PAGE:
Monday, February 18, 2013

Ice Anchors - Part I

There are loads of different types of anchors, but they all use the same fundamental strategy: connect multiple, sound points of protection together to use their combined strength and redundancy to make a unified anchor. In this series, we'll look at different anchors you can make on ice. In Part 1 (the current entry) we'll do a basic 2-screw anchor. Part 2 will deal with other types of ice anchors.

I took these pictures during a recent course in Ouray, Colorado, where we practice making different types of anchors on ice. Note that these are all on water ice, not glacier ice. The two are different at times in character, but we use the same principals for anchors.

Step 1: Find a safe location with bomber ice.

Ice climbers send down some shrapnel! Make sure that you're out of the way to avoid getting hit. This usually means going to the side of an ice flow or hunkering down under an overhang.

Step 2: Find good quality ice for anchor.

Good ice is not fractured, hollow, or aerated, and is attached to whatever it's on (usually rock). It's a little difficult to describe exactly, but this part is fairly intuitive.

Step 3: Place the first screw.

Locate a place that the ice is fairly flat. If there are any protruding points of ice, feel free to use the adze or pick of your ice tool to knock them out to make the surface smooth. You'll want about a 10-inch diameter to allow the ice screw to rotate completely around. The angle of the screw should be roughly perpendicular to the surface of the ice. If anything, have it go just slightly (less than 10-degrees) downward. Drive the screw on home!

Step 4: Place the second screw. 

Locate a place at least one foot away from the first screw, ideally up and to the side. Rumor has it that ice fractures along it's horizontal and vertical axes, so if you put the screw in up and to one side it should avoid that potential problem. (I have never even seen an ice screw fracture ice, let alone break it, so I cannot fortunately, say from personal experience on this one).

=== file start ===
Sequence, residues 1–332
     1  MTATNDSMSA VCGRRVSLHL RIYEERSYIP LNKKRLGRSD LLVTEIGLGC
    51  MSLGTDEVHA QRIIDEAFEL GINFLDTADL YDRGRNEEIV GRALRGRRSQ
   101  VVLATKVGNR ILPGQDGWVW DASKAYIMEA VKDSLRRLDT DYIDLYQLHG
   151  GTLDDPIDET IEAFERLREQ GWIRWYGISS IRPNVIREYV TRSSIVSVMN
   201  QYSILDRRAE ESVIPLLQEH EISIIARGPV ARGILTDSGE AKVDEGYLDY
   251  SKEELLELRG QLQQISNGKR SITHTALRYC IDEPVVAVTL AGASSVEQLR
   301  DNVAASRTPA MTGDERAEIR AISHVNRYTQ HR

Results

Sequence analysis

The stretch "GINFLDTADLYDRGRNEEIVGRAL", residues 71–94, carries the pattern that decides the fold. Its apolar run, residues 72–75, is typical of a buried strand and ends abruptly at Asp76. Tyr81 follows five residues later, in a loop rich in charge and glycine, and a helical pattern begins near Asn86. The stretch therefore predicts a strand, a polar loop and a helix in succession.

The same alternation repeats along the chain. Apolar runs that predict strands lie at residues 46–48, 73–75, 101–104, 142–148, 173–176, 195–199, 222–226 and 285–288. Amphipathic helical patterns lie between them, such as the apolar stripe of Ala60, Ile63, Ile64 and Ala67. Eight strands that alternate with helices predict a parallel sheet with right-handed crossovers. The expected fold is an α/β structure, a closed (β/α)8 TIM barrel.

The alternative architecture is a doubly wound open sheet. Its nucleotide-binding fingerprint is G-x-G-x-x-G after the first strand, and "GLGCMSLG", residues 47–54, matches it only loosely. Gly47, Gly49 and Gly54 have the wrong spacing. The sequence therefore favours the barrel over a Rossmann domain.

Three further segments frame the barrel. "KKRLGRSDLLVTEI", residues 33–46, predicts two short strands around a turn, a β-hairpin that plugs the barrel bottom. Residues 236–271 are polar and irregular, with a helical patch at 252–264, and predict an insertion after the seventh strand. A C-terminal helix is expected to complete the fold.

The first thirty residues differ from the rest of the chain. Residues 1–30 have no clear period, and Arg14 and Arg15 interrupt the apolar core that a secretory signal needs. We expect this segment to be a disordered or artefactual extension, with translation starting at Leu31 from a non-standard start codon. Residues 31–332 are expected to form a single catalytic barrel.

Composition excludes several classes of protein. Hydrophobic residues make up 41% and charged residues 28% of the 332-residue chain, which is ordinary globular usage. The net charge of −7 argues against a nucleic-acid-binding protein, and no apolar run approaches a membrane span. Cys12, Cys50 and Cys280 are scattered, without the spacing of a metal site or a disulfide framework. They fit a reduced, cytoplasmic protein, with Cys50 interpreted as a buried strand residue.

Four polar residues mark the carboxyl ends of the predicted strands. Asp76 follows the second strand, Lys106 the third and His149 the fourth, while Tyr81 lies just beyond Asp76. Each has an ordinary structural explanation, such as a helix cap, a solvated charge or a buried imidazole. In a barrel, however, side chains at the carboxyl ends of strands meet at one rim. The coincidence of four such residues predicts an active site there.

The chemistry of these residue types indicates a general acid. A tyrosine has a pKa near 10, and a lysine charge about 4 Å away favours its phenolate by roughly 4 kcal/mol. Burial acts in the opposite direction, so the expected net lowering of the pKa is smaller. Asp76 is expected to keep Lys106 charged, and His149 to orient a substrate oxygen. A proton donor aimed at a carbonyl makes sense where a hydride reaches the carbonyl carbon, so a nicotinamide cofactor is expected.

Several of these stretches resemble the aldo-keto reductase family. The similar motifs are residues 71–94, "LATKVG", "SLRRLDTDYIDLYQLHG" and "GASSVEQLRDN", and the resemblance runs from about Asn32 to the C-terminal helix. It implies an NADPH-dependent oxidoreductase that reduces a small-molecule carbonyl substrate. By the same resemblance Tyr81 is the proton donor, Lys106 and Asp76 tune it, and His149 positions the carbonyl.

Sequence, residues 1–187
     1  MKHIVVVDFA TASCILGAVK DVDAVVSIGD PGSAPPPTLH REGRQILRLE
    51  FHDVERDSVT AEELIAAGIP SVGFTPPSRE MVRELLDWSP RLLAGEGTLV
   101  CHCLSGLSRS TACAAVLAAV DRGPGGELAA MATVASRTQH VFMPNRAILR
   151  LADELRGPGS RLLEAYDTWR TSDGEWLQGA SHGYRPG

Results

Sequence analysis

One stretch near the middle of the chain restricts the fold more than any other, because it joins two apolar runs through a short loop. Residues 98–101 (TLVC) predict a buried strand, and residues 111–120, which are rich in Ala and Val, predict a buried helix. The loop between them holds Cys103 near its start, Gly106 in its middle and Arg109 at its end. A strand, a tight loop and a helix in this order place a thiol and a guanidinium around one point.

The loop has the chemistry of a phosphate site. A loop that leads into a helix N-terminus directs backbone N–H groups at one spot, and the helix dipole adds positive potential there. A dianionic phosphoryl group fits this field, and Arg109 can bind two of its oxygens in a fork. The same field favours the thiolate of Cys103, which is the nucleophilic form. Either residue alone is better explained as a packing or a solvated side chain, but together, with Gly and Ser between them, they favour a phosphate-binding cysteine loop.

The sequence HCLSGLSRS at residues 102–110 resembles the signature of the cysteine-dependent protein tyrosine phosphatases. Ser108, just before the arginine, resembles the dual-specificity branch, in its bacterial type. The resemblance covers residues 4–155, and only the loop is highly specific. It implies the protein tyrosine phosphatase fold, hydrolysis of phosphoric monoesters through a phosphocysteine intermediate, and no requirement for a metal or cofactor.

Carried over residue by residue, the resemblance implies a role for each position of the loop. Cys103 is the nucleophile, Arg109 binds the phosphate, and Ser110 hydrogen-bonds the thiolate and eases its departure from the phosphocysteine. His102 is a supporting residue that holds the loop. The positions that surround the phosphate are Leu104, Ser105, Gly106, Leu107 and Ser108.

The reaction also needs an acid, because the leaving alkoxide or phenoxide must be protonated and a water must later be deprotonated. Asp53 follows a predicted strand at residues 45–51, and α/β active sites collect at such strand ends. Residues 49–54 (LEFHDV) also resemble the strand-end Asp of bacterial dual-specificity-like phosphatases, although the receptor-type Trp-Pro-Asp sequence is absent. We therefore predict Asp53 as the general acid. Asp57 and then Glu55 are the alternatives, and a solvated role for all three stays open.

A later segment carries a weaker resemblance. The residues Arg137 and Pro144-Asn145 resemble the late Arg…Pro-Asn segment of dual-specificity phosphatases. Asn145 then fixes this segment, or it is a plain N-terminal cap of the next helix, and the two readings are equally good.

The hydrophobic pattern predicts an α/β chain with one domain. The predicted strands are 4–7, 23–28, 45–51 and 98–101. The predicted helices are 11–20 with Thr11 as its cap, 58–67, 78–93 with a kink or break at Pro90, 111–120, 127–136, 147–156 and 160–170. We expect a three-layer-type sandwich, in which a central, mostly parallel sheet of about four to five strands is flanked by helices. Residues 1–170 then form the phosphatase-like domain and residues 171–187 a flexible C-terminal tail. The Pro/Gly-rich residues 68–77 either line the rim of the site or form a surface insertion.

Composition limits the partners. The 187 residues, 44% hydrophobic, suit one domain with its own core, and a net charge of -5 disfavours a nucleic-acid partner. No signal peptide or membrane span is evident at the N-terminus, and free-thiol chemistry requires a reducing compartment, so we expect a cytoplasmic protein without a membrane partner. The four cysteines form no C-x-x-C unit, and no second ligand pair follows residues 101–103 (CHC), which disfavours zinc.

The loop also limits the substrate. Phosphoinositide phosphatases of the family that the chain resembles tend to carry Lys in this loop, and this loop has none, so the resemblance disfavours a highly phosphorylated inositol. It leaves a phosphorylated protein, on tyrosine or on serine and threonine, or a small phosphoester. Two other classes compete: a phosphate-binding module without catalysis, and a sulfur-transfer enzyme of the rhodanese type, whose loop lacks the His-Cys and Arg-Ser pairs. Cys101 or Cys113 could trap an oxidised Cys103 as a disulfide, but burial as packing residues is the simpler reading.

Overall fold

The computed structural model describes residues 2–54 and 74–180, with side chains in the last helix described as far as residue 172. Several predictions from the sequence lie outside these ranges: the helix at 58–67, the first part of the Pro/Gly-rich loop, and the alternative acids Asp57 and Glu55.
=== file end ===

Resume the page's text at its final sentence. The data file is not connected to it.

Step 5: Clip a carabiner to each ice screw.

I usually use wire-gate non-locking biners.

Step 6: Clip your anchor material to each biner.

You can use a double-length (48") sling, which seems to be the perfect length for ice anchors. You can, of course, use a cordelette, or triple-length sling as well.

Step 7: Tie your figure-8 knot to create a master-point.

Step 8: Attach your lockers, and belay on!

See Part 2 to see ways to make ice anchors on more complex terrain.

--Mike Pond, Instructor and Guide


@ginabegin said...

Awesome! I just set my first ice anchor yesterday in Crawfords Notch, NH. I was thrilled to have learned how to do it and now have this article to help reinforce what I learned (as well as new tips/understanding of ice behavior.) Excited to see part II!

Anonymous said...

i thought tying knots in dyneema was a no, no?

Jason Martin said...

When people speak about knotting dyneema as being a bad thing, they are usually referring to tying it in a loop. It's okay to knot a pre-existing loop. However, you should be aware that anytime you put a knot in any type of sling, you lose about 40% of your strength at the knot.

To learn more, please check out the following:

Jason Martin